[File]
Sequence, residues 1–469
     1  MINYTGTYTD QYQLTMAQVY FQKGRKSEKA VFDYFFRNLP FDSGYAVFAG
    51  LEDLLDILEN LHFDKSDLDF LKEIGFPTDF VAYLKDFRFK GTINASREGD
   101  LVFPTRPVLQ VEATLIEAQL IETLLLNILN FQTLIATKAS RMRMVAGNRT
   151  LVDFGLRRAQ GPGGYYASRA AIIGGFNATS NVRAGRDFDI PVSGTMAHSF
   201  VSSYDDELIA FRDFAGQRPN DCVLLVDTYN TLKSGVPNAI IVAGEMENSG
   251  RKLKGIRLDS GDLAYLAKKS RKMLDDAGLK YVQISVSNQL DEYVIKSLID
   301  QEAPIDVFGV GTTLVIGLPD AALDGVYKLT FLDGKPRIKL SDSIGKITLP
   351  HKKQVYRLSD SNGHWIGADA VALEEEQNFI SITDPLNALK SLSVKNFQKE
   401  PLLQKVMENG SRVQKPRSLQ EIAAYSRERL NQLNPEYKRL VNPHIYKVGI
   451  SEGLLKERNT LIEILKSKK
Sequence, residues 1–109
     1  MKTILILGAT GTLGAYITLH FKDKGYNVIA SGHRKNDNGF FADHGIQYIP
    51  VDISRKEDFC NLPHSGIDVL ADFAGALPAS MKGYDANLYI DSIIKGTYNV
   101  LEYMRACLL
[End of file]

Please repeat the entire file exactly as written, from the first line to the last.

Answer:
Sequence, residues 1–469
     1  MINYTGTYTD QYQLTMAQVY FQKGRKSEKA VFDYFFRNLP FDSGYAVFAG
    51  LEDLLDILEN LHFDKSDLDF LKEIGFPTDF VAYLKDFRFK GTINASREGD
   101  LVFPTRPVLQ VEATLIEAQL IETLLLNILN FQTLIATKAS RMRMVAGNRT
   151  LVDFGLRRAQ GPGGYYASRA AIIGGFNATS NVRAGRDFDI PVSGTMAHSF
   201  VSSYDDELIA FRDFAGQRPN DCVLLVDTYN TLKSGVPNAI IVAGEMENSG
   251  RKLKGIRLDS GDLAYLAKKS RKMLDDAGLK YVQISVSNQL DEYVIKSLID
   301  QEAPIDVFGV GTTLVIGLPD AALDGVYKLT FLDGKPRIKL SDSIGKITLP
   351  HKKQVYRLSD SNGHWIGADA VALEEEQNFI SITDPLNALK SLSVKNFQKE
   401  PLLQKVMENG SRVQKPRSLQ EIAAYSRERL NQLNPEYKRL VNPHIYKVGI
   451  SEGLLKERNT LIEILKSKK
Sequence, residues 1–109
     1  MKTILILGAT GTLGAYITLH FKDKGYNVIA SGHRKNDNGF FADHGIQYIP
    51  VDISRKEDFC NLPHSGIDVL ADFAGALPAS MKGYDANLYI DSIIKGTYNV
   101  LEYMRACLL